While most science moves in a sort of curve, being constantly corrected by new evidence, this science flies off into space in a straight line uncorrected by anything. But the habit of forming conclusions, as they can really be formed in more fruitful fields, is so fixed in the scientific mind that it cannot resist talking like this. It talks about the idea suggested by one scrap of bone as if it were something like the aeroplane which is constructed at last out of whole scrapheaps of scraps of metal. The trouble with the professor of the prehistoric is that he cannot scrap his scrap. The marvellous and triumphant aeroplane is made out of a hundred mistakes. The student of origins can only make one mistake and stick to it.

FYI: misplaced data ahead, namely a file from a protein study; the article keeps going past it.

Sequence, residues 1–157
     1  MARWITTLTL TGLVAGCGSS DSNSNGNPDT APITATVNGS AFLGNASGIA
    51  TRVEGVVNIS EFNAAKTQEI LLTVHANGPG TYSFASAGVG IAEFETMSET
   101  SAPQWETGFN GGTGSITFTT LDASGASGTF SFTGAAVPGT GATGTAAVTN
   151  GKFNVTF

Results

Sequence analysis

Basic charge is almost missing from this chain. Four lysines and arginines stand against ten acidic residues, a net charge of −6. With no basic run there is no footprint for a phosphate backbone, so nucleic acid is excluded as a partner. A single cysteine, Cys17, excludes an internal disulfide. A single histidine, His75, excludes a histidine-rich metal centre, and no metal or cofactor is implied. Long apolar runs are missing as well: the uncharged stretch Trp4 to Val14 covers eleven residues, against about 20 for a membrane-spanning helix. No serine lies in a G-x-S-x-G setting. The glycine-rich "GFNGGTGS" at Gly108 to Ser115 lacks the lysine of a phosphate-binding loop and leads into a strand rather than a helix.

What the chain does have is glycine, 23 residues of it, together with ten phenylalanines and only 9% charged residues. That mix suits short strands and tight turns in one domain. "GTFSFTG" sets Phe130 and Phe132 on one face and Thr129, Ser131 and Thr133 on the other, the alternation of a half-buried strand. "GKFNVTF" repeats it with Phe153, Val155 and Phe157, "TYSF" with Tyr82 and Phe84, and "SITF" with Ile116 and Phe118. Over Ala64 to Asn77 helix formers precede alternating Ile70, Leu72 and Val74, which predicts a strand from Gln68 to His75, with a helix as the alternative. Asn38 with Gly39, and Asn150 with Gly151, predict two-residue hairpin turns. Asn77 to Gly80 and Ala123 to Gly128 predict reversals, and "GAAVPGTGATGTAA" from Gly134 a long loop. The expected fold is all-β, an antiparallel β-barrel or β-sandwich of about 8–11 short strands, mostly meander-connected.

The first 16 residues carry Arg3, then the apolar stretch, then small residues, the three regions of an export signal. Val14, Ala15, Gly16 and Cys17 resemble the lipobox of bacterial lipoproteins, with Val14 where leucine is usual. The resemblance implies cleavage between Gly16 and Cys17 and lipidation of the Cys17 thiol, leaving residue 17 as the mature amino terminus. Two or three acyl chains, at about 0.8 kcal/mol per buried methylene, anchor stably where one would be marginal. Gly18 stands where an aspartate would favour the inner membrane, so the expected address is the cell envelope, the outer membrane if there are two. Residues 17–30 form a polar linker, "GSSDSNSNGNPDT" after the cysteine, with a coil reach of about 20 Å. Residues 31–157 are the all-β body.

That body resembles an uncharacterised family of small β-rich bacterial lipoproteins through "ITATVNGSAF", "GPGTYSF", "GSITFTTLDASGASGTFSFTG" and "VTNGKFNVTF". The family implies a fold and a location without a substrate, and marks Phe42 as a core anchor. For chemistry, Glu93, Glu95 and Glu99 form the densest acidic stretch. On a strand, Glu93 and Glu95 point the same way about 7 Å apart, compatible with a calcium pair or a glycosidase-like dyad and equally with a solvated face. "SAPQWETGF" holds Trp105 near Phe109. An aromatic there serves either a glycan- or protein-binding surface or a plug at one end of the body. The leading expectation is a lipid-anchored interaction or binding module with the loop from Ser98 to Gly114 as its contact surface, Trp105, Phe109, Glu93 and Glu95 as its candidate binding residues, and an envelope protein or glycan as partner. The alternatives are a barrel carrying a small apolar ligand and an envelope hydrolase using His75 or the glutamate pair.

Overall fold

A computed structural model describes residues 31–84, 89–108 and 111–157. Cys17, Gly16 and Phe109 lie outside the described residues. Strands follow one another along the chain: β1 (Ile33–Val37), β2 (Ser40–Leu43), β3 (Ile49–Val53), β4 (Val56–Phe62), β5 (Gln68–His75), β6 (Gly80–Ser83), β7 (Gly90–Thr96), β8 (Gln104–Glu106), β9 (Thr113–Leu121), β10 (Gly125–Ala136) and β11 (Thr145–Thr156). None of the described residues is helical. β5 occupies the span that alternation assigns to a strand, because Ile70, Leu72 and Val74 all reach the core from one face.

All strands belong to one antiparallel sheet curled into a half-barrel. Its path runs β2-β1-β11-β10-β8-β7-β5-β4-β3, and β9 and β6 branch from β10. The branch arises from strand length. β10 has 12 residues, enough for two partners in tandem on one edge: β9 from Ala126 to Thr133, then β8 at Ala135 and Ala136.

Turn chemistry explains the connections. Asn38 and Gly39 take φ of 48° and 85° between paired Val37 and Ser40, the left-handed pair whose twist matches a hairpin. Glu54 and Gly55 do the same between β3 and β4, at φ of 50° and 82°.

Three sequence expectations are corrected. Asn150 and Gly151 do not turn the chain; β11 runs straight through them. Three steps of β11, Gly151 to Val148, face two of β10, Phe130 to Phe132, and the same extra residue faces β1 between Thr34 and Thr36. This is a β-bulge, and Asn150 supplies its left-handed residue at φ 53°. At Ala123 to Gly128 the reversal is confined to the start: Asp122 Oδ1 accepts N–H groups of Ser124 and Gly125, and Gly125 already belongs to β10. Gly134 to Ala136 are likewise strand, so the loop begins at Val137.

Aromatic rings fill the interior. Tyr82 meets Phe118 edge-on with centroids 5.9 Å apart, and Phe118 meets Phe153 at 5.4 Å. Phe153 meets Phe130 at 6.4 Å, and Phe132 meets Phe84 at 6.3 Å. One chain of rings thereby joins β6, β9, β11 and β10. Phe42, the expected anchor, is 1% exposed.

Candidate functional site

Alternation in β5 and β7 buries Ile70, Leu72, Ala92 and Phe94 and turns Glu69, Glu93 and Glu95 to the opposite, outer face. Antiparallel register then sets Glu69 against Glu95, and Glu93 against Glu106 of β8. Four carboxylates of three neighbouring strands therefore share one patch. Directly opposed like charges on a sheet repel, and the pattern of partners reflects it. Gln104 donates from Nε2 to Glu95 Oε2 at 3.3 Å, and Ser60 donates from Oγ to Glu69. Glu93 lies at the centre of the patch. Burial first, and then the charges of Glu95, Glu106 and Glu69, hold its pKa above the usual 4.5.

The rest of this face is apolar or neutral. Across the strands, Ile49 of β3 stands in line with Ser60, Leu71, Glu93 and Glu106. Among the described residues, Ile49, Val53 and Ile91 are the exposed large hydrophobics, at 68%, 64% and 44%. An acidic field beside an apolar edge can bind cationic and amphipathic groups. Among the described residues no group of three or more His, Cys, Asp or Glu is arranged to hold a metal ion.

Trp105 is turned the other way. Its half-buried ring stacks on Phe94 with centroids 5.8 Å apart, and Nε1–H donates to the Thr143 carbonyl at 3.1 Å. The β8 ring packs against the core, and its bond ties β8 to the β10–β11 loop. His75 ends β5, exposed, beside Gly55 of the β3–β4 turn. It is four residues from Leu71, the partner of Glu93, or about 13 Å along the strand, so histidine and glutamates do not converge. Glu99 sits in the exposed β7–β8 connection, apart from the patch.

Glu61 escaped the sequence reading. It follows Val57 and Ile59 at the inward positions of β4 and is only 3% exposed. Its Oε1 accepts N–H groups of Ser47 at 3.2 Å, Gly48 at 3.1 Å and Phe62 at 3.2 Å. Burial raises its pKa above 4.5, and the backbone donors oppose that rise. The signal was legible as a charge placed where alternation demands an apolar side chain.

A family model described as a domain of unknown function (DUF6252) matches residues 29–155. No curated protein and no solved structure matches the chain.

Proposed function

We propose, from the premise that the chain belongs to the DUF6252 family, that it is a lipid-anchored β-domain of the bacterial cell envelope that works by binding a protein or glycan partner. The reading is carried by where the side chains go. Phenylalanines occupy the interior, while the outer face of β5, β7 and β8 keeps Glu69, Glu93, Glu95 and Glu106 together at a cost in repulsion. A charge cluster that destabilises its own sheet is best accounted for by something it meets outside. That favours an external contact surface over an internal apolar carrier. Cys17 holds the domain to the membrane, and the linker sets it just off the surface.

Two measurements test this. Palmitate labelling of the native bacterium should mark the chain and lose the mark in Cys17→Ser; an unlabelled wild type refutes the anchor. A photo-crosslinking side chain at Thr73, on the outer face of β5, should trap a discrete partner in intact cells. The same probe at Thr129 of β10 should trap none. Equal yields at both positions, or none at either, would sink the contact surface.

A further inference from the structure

In order to possess "The Wonder-working Serpent," it is necessary, in the words of the Grimoire, "to buy an egg without haggling," which (by the way) indicates the class of person for and by whom the book was written. This egg is to be buried in a cemetery at midnight, and every morning at sunrise it must be watered with brandy. On the ninth day a spirit appears, and demands your purpose. You reply "I am watering my plant." This occurs on three successive days; at the midnight following the egg is dug up, and found to contain a serpent, with a cock's head. This amiable animal answers to the name of Ambrosiel. Carry it in your bosom, and your suit inevitably prospers.